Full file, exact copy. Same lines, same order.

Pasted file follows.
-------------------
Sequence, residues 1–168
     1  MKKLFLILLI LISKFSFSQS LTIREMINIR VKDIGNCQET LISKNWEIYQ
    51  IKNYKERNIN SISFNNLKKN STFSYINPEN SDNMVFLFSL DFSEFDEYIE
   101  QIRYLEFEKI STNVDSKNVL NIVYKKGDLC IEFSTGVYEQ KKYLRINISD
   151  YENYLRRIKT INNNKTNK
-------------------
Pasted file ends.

Sequence, residues 1–168
     1  MKKLFLILLI LISKFSFSQS LTIREMINIR VKDIGNCQET LISKNWEIYQ
    51  IKNYKERNIN SISFNNLKKN STFSYINPEN SDNMVFLFSL DFSEFDEYIE
   101  QIRYLEFEKI STNVDSKNVL NIVYKKGDLC IEFSTGVYEQ KKYLRINISD
   151  YENYLRRIKT INNNKTNK